- In September 2008, Davidson falsely claimed that the repeal of the Glass-Steagall Act played no role whatsoever in the financial collapse: “Every economist I’ve spoken with says, simply, that it was a bad law but that it and its repeal are not really to blame for what is happening now.” Many key figures involved in Glass-Steagall’s repeal, including former Citigroup chief Sandy Weill, have contradicted Davidson’s false claim.
- In early 2009, NPR announced that Planet Money secured Ally Bank as the show’s exclusive sponsor. It was an unusual set up for NPR, as it meant that a financial institution was the sole funder of a news program about finance. At the time, Planet Money was the only NPR program underwritten by a single exclusive sponsor. Even Ad Age, the advertising industry’s trade publication, was surprised by the sponsorship arrangement and the “close alignment of message and news program.” (At the time of this writing, Ally is still Planet Money’s exclusive sponsor.)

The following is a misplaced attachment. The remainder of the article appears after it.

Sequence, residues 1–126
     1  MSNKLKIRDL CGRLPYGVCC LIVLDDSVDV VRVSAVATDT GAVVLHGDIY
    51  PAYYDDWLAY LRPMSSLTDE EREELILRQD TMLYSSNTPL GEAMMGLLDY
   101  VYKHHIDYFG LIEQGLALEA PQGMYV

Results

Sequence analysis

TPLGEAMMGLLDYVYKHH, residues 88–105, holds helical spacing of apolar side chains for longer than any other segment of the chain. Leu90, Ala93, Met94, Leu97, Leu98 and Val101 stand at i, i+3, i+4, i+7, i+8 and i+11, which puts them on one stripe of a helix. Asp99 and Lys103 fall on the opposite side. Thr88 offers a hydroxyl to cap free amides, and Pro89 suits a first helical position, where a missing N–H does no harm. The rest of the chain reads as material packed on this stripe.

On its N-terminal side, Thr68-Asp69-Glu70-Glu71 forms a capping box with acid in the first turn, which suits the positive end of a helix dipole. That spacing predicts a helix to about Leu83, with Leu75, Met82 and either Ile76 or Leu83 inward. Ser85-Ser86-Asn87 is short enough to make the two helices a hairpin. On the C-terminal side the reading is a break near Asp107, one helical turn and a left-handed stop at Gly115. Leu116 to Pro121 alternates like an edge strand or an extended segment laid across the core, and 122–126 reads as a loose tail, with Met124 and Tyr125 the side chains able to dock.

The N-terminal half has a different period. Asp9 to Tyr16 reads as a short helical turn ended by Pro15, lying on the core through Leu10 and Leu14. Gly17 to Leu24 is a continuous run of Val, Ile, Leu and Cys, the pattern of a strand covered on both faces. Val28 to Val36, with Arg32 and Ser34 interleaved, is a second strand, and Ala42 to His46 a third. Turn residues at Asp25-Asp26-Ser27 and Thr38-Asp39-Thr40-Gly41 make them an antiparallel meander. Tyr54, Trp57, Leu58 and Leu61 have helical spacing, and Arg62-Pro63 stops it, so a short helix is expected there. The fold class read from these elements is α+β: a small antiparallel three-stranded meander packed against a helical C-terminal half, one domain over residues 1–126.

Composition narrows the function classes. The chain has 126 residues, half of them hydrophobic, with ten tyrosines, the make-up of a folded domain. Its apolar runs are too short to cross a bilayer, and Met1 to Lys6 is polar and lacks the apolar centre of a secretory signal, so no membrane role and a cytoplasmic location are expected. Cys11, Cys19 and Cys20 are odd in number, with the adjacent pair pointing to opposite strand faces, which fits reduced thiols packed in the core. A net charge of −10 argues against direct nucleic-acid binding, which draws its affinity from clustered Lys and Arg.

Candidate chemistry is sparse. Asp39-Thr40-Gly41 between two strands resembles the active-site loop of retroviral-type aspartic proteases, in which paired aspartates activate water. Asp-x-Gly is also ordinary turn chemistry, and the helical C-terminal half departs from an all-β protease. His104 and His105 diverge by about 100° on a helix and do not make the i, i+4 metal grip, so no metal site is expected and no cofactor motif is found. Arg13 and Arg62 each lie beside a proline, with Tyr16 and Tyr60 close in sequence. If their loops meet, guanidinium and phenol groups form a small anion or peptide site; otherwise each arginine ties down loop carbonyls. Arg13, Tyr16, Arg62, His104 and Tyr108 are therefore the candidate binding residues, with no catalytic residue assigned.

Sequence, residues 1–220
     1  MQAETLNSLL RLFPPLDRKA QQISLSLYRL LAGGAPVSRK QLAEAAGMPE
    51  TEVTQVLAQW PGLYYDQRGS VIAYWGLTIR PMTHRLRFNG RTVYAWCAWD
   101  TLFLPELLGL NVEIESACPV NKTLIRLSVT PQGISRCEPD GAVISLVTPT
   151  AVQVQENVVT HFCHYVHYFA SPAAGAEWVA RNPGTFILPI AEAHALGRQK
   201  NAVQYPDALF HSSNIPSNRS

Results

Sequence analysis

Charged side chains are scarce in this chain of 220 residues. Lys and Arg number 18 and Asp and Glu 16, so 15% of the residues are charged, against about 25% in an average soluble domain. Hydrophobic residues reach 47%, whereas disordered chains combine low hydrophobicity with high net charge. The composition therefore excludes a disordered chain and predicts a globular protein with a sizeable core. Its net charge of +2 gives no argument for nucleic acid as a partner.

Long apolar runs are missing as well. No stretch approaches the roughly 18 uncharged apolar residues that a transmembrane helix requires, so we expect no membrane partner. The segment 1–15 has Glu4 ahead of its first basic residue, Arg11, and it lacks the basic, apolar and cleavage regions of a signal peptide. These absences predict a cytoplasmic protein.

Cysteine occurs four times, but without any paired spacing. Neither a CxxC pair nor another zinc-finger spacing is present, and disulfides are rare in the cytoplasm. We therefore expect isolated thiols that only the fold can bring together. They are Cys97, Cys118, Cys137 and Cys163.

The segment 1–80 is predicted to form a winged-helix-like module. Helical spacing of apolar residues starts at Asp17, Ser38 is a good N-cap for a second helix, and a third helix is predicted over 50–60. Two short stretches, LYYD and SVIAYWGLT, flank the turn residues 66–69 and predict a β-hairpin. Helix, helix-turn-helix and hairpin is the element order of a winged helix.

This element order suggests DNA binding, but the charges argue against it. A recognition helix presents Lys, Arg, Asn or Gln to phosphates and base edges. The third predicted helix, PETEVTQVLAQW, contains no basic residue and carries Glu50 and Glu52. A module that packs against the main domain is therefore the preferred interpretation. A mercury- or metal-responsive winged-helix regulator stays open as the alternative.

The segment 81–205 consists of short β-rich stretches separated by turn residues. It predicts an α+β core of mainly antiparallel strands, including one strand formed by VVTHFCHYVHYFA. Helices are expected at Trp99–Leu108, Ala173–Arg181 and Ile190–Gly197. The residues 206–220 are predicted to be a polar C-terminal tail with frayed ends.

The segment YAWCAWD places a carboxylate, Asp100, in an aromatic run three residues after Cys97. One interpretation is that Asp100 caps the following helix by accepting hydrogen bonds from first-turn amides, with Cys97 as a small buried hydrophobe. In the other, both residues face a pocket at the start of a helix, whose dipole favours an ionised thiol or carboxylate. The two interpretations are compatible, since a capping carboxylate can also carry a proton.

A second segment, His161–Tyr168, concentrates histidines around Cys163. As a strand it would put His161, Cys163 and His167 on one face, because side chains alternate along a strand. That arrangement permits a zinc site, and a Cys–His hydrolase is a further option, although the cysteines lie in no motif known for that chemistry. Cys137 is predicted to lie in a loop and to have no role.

- Ally Bank is a subsidiary of Ally Financial, formerly known as GMAC. The bank is one of the biggest mortgage servicers in the country, and has been one of the very worst offenders in foreclosure fraud and subprime fraud. It received more than $17 billion taxpayer bailout funds and has been investigated across the country for foreclosure fraud, robo-signing and student loan fraud. As of August 1, 2012, 74% of Ally Financial was still owned by the U.S. Government. [ 2 ]